Mercié's sculpture received tremendous public and critical acclaim when it was exhibited in 1874. In his review of the Salon of that year the critic, Jules-Antoine Castagnary observed: "While monachrists quarrel over the debris of our battered fortunes, and our statesman go through their gymnastics and exhibit indifference to everything save their personal ambition, there exists a young sculptor who has undertaken to speak directly to our nation and to console our people." A few years later, an American visitor went so far as to claim: "No effort of French genius since Sedan- no poem, romance, oration, or work of art has given so much solace to the defeated nation as this statue."
The model earned Mercié a Medal of Honor at the Salon of 1874, and was purchased by the city of Paris for 12,000 francs. It was cast in bronze by Thiebaul Freres for 8,5000 francs and shown at the Salon the following year. Gloria Victis was originally erected in the Place Montholon, Paris, but is now preserved in the Musee du Petit Palais.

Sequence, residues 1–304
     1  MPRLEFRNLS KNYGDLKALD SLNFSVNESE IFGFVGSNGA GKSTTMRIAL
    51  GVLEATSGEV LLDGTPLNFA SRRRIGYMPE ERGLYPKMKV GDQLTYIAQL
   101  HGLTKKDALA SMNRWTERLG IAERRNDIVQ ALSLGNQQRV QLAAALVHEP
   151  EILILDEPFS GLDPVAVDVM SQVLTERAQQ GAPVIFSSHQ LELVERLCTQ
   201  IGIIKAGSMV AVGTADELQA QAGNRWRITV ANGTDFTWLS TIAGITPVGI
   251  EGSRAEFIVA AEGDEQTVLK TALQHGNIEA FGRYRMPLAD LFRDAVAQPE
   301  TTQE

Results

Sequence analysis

The plaster model was shown again at the 1879 Exposition Universelle, where it won a grand prize. Other large bronze casts are located in Niort (1881), Agen (1883), Bordeaux (1885), Chalons sur Marne (1890-91), Choler (1901). and Copenhagen (1906).
In the recent catalog for the exhibition Rodin Rediscovered (National Gallery of Art, Washington D.C. 1981), Anne Pingeot noted that the Barbedienne Foundry was authorized to make reductions of Gloria Victis in May 1877 on the condition that the city of Paris received the largest cast and the model be returned intact to the city. Three reductions were produced in 1879. In 1888 the Barbedienne catalog offered it in its original size and in three reductions; in the next year, in four reductions, and in 1900 in seven reduced sizes, which demonstrate the sculpture's enduring appeal.